Health and Human Services Secretary Tom Price resigns after criticism for taking charter flights at taxpayer expense

Tom Price, President Trump’s embattled health and human services secretary, resigned Friday amid sharp criticism of his extensive use of taxpayer-funded charter flights, the White House said.

The announcement came shortly after Trump told reporters he considered Price a “fine man” but that he “didn’t like the optics” and planned to make a decision by the end of the day.

“I’m not happy, I can tell you that. I’m not happy,” Trump said as prepared to leave the White House en route to his private golf club in Bedminster, N.J.

In a statement, the White House said Trump would designate Don J. Wright as acting secretary. Wright currently serves as the deputy assistant secretary for health and director of the Office of Disease Prevention and Health Promotion.

Price submitted a four-paragraph resignation letter to the White House in which he said he regretted “that the recent events have created a distraction” from the administration’s objectives. “Success on these issues is more important than any one person,” he continued.

A short time later, HHS staff received a message from Price praising the staff as “dedicated, committed” and saying it had been “a great joy” to serve with them.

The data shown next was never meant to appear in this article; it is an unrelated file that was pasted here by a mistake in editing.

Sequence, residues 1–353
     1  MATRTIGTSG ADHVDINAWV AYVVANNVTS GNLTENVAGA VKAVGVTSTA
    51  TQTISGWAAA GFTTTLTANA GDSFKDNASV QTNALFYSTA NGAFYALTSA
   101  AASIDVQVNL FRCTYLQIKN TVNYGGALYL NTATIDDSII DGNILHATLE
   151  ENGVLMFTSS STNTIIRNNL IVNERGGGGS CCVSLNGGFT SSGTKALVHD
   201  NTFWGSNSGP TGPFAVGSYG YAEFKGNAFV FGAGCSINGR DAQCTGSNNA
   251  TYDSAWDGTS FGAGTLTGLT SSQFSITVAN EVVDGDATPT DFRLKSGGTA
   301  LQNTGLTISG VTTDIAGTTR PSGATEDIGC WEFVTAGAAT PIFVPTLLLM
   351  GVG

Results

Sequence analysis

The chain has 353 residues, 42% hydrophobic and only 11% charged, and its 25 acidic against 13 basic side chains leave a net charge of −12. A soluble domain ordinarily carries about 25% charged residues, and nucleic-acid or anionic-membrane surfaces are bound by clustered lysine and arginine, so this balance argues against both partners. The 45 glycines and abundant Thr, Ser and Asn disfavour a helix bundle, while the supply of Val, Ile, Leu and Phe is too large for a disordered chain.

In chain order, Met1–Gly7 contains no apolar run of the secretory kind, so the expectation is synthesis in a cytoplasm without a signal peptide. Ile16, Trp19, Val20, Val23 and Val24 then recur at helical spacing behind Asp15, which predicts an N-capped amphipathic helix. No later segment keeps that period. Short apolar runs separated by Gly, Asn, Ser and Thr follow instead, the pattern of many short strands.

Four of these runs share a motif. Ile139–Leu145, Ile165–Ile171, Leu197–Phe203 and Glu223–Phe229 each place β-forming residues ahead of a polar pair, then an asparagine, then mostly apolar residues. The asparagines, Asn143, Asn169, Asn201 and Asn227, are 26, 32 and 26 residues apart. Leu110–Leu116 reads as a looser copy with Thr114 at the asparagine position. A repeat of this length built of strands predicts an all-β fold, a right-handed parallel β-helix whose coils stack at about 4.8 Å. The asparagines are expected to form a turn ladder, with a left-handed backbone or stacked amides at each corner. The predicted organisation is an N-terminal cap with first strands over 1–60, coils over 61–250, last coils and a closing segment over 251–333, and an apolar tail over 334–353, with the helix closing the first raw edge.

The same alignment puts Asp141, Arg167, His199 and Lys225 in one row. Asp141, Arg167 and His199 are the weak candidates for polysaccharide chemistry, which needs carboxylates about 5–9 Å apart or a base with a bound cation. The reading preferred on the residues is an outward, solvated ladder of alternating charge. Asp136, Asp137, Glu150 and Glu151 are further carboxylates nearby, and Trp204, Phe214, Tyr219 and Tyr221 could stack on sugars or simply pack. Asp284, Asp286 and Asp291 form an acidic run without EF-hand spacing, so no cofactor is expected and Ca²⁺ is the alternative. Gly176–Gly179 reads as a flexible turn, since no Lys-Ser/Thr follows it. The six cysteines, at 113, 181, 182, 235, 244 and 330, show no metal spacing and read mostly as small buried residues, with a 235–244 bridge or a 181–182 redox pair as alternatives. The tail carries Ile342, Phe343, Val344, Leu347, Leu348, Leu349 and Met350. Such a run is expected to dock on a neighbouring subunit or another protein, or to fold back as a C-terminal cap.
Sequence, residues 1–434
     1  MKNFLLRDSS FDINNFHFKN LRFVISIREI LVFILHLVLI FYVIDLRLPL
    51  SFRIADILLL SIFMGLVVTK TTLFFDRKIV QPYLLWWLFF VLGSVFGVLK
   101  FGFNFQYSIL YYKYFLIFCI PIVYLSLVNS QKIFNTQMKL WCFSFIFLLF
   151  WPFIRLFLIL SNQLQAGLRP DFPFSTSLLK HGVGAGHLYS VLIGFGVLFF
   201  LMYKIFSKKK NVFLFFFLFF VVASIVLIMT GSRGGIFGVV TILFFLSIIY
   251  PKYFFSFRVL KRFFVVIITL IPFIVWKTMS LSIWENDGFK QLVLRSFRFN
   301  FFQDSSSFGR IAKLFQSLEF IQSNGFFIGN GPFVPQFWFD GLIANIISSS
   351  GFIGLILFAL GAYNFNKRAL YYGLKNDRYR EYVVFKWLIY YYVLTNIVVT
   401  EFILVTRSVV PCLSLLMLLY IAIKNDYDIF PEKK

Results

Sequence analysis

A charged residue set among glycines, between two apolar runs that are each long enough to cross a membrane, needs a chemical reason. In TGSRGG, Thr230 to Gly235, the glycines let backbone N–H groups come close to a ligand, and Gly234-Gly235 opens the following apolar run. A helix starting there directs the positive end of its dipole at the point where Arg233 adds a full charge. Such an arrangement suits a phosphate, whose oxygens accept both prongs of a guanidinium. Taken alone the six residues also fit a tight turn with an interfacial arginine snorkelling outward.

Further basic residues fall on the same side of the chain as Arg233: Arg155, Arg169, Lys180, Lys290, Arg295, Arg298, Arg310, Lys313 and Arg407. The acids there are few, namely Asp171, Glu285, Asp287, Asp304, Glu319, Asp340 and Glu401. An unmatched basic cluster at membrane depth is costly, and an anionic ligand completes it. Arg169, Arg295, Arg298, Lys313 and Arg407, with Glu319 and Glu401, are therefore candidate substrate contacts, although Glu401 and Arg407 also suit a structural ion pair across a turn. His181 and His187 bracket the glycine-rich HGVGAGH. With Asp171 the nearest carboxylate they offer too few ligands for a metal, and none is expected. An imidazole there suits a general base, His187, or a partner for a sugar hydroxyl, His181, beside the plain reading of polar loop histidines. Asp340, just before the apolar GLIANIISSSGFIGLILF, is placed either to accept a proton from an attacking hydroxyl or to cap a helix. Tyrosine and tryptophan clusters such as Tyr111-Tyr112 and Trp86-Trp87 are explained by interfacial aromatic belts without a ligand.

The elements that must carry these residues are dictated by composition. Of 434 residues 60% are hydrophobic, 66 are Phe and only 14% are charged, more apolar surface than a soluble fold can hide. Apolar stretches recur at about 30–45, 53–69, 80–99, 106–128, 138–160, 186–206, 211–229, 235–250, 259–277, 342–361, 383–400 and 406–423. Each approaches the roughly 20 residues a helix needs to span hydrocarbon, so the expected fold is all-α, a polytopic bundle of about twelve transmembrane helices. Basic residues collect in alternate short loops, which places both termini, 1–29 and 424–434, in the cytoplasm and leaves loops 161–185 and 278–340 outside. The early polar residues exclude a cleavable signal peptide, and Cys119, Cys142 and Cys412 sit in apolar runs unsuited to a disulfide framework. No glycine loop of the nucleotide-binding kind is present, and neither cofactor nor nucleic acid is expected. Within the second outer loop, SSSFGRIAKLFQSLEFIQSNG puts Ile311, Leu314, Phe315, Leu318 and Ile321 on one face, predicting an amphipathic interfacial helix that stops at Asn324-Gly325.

He closed: “Duty is Ours — Results are the Lord’s!”

Price had announced Thursday that he would reimburse the government for a fraction of the costs of his flights on charter planes in recent months. An HHS official said Price would write a check for $51,887.31, which appears to cover the cost of his seat on chartered flights but not those of his staffers.

Politico, which first reported on Price’s repeated use of chartered jets, has estimated the total expense of the taxpayer-funded trips exceeded $400,000 — and it reported early Thursday evening that his White House-approved flights on military planes to Africa, Europe and Asia cost more than $500,000.

Besides the charter flight issue, Trump has also directed some of his frustration at Price over the inability of Republicans in Congress to pass a health-care reform bill.